Biafra was a short-lived secessionist state in Southeastern Nigeria that lasted from 30 May 1967 to 15 January 1970. A military coup in January 1966 saw the assassinations of Northern Nigerian leaders like Prime Minister Abubakar Tafawa Balewa and Northern Premier Ahmadu Bello. Their deaths sparked the killing of thousands of Igbos and members of other ethnic groups from Southern Nigeria in anti-Igbo pogroms across the north of the country. Millions of southerners fled the North, abandoning their homes, businesses and employment. The pogroms led to secession and the Nigerian Civil War, which only ended when Biafra conceded defeat and rejoined the country.
Modern Biafran secessionists believe that the conditions that led to the Nigerian Civil War are still present today. However, unlike the original movement, the secessionists, led by the Indigenous People of Biafra (IPOB) and the Movement for the Actualisation of the Sovereign State of Biafra (MASSOB), feel the people of Southeastern Nigeria are economically and socially marginalized by the state.
Why Donald Trump?
A pro Donald Trump rally held by Biafran activists in Port Harcourt, Nigeria, in January 2017, left over 20 people dead at the hands of the police. A lot of my American friends couldn’t understand why any Nigerians would come out in support of Trump when his administration has been charged with xenophobic immigration policies and the appointment of staff who have ties to white supremacist groups.
But from dialogues I have had with many Biafra supporters,the reason for Trump’s overwhelming support is actually multifaceted. They don’t support his immigration policies, xenophobia or his anti-Black racism, but they are willing to overlook them based on his stance on radical Islam, Brexit, and his statements on the self-determination of nations.
After all, the argument Biafran activists have been putting forward is that if European countries can have referendums for independence, then why can’t Nigeria?
On 23 June 2016, the United Kingdom held a referendum that saw it break away from the European Union. This has become known as Brexit. The next day, on 24 June, Trump tweeted:
“Self-determination is the sacred right of all free people’s [sic], and the people of the UK have exercised that right for all the world to see.”
Self-determination is the sacred right of all free people's, and the people of the UK have exercised that right for all the world to see.
— Donald J. Trump (@realDonaldTrump) June 24, 2016
This statement became a rallying cry for the secessionists who took it as a sign that Trump would support their cause. After all, the argument Biafran activists have been putting forward is that if European countries can have referendums for independence, then why can’t Nigeria?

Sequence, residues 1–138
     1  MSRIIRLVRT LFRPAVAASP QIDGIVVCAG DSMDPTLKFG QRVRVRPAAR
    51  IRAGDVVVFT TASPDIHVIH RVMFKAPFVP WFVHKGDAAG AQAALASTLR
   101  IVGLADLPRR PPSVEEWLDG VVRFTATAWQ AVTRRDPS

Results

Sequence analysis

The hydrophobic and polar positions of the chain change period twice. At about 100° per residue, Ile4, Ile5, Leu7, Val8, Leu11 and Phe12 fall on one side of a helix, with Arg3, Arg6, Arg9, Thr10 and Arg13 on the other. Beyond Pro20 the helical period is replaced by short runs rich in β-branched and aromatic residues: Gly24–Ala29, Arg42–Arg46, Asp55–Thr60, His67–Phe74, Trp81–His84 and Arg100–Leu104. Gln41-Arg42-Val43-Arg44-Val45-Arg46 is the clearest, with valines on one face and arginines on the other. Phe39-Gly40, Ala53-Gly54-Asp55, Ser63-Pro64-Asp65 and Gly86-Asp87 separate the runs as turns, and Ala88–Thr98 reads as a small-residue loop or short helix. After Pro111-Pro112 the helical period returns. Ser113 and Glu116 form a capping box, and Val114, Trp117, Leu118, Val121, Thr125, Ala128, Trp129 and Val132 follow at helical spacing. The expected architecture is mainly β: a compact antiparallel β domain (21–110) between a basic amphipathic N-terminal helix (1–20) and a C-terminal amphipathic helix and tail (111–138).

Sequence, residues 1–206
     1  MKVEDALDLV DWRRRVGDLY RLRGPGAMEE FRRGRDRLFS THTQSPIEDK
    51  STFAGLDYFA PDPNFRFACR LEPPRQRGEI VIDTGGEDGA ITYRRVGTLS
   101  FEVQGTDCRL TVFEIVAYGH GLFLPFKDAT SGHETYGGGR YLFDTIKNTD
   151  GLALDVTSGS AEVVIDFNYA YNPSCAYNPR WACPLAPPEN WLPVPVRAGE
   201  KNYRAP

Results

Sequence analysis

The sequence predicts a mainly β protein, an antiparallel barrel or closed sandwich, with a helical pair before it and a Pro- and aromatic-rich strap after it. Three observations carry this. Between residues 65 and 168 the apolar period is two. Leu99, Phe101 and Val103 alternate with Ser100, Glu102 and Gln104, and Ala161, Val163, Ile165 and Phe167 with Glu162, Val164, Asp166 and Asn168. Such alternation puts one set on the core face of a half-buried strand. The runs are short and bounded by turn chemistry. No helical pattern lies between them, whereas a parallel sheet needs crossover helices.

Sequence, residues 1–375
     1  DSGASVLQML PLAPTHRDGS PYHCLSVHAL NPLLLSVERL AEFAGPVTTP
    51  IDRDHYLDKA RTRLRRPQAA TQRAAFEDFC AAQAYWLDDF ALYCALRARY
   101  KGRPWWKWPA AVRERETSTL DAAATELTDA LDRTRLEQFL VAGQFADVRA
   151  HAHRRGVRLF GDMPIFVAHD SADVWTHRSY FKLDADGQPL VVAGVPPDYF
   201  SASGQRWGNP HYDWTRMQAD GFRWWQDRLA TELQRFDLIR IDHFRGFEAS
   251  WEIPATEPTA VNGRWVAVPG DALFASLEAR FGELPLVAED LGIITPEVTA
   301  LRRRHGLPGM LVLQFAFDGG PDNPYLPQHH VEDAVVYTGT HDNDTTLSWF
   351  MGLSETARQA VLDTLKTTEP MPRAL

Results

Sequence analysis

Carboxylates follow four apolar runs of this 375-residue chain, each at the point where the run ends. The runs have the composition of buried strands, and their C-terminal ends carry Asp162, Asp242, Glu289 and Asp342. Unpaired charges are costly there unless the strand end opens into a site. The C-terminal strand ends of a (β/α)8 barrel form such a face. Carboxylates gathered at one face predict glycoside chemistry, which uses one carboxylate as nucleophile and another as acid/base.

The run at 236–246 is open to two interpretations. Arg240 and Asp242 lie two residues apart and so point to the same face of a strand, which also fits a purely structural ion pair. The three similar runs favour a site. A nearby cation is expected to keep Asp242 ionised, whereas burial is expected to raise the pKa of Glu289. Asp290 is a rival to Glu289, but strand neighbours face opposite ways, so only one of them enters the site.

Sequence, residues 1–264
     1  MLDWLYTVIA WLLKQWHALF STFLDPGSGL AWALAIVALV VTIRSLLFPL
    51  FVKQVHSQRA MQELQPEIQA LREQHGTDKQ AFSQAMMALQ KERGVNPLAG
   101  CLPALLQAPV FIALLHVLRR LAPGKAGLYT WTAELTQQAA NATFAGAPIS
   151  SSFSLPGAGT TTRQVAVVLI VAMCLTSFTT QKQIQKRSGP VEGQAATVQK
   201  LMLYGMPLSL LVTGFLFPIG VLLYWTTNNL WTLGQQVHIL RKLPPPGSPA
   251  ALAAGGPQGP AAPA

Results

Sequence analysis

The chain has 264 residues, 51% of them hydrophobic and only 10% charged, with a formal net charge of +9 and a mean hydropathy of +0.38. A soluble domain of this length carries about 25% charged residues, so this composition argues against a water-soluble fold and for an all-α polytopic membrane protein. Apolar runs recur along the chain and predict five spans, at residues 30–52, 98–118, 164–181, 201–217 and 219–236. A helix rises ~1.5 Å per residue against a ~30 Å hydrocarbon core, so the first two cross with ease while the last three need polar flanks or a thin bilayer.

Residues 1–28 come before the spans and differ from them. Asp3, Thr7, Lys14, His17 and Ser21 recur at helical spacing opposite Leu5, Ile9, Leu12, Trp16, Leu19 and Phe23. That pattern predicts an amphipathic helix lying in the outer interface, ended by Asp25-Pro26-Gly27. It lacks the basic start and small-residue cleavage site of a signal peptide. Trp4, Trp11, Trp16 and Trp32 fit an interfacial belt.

The other reason for Biafran activists’ support of Trump is his tough stance on radical Islam. The mostly Christian Igbos have long cited cultural incompatibilities with the largely Muslim ethnic groups in Northern Nigeria, and growing Islamic fundamentalism in the North has been a major point of contention for Biafran activists. Many states in the North have implemented strict Sharia laws, which many Christians have seen as a violation of the constitution of what should be a secular country. For Biafrans, Trump is one of the few leaders bold enough to address the issue head on.
Islamic fundamentalism in Northern Nigeria has been a major point of contention for Biafran activists.
What do Biafrans really want?
In November 2016, Amnesty International released a report stating that the Nigerian military has been carrying out a campaign of extrajudicial executions that has resulted in the murder of at least 150 peaceful pro-Biafra protestors. In addition to what they deem as the unlawful imprisonment of IPOB’s leader, Nnamdi Kanu, the findings have bolstered the secessionist group’s claims of persecution and systemic oppression at the hands of the Nigerian government.
While Biafran support for Donald Trump most likely will not amount to much outside of Nigeria, especially if Trump never acknowledges it, the activists feel that supporting him will help their voices be heard on an international scale.
Based on my interactions with many Nigerians from the Southeast, if a Biafra referendum were to happen today, the vast majority of people in the region would vote to secede. If the current administration led by the former military ruler Muhammadu Buhari does not address the long standing grievances of the people of Southeast of Nigeria, the calls for secession will only intensify. And Nigeria certainly does not need more problems.
The Voice of Biafra International (VOBI) wrote a manifesto several years ago, explaining the modern case for Biafra. Click here to read it.